Ascena Retail Group Inc., the distressed parent company of Ann Taylor and Lane Bryant, plans to pay about $5.5 million in cash retention and incentive awards to three executives, becoming the latest struggling company to hand out bonuses to top management.
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The incentives come after Ascena warned last month that it was evaluating all options as the coronavirus pandemic has significantly disrupted its business, resulting in reduced earnings and cash flow, as well as higher levels of debt and deferred liabilities.
The company disclosed Monday it has agreed to pay nearly $2.14 million in bonuses to Chief Executive Gary Muto and to Carrie Teffner, interim executive chair of the board. Executive Vice President and Chief Financial Officer Dan Lamadrid will get about $1.21 million, according to a regulatory filing.
The CEO will also receive more than $1 million in performance-based payments for fiscal 2018 and fiscal 2019. The finance chief will receive $83,650 for those two years, the filing shows.
In recent weeks, a number of companies have paid out retention bonuses to top brass just before filing for chapter 11. They include car-rental company Hertz Global Holdings Inc., department-store chain J.C. Penney Co., oil-and-gas driller Extraction Oil & Gas Inc. and glass-tableware maker Libbey Inc. J.C. Penney, Libbey, Extraction and Hertz have all filed for bankruptcy.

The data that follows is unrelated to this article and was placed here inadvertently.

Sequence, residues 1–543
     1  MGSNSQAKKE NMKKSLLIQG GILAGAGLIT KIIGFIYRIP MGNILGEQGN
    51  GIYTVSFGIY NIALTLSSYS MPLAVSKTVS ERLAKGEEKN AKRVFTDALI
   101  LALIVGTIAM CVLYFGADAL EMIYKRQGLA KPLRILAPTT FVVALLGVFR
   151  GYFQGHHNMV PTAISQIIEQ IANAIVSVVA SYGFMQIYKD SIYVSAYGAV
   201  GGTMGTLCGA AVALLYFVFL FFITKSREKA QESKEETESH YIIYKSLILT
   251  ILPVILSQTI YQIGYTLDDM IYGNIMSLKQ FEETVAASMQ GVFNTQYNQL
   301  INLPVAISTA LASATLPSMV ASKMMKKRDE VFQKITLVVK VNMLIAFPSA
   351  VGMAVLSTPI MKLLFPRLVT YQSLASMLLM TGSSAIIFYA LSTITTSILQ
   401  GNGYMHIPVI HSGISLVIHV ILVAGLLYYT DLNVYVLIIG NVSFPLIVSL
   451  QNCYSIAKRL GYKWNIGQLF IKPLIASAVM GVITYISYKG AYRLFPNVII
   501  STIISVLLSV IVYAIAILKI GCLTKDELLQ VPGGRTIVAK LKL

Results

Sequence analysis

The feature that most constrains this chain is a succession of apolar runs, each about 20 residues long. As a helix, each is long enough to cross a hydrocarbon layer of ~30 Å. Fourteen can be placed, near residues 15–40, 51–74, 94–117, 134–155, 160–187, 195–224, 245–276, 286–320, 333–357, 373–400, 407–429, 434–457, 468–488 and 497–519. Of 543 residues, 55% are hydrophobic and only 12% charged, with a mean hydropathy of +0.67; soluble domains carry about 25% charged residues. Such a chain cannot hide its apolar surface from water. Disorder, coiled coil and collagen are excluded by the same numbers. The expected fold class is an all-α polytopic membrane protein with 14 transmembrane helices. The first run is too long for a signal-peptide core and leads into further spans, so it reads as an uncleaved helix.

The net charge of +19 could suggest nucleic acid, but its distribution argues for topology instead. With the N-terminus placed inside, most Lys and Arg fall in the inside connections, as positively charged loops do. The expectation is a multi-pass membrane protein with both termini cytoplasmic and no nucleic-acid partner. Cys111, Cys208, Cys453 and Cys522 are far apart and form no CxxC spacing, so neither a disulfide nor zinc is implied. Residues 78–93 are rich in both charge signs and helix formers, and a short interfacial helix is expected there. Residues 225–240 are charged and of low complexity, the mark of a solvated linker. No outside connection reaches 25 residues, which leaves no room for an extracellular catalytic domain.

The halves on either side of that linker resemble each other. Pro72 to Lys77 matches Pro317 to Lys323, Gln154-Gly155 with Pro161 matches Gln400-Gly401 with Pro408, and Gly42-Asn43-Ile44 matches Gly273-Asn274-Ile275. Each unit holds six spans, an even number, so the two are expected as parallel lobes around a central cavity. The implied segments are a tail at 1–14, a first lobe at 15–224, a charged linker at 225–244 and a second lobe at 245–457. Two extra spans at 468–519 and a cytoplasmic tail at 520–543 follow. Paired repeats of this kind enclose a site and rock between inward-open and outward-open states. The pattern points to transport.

By paying bonuses before seeking bankruptcy protection, the companies avoid the need for court approval. Creditors can try to claw back the bonus payments in bankruptcy court, but such challenges are extremely rare, legal experts have said.
Ascena said its new retention and performance-based pay plans were implemented last week and are intended to retain and motivate its executives and other employees given the volatile and significantly uncertain environment created by the Covid-19 pandemic.
Three other executives will also receive cash awards, the company said in the securities filing.
“We believe all of the foregoing changes will be instrumental in preserving our workforce,” Ascena said in the filing.
In late March, Ascena furloughed all store employees and half its corporate staff and it cut pay as much as 50% for executives and top staffers in an attempt to reduce costs and preserve cash.
The company has restored base salaries to their previous levels for employees who were subject to temporary salary cuts as a result of the pandemic, it said in the Monday filing.
S&P Global Ratings said in March that Ascena had an increased risk of default due to the coronavirus and its high level of debt. S&P’s view was that Ascena would likely pursue a restructuring in the next six months amid weak operating performance and industry challenges.
In response to S&P, Ascena said that “bankruptcy is not being considered.”
Since March, a number of major retailers have been pushed into bankruptcy, including Penney, luxury retailer Neiman Marcus Group Inc., apparel seller J.Crew Group Inc., rural department-store operator Stage Stores Inc. and discount home-goods retailer Tuesday Morning Corp. The parent of New York & Co. recently warned it might seek bankruptcy protection.
Ascena operates about 2,800 retail locations in the U.S. and Canada under various brands, including women’s clothing retailer LOFT, plus-size chains Catherines and Cacique, and Justice, aimed at teens and tweens.
Write to Aisha Al-Muslim at firstname.lastname@example.org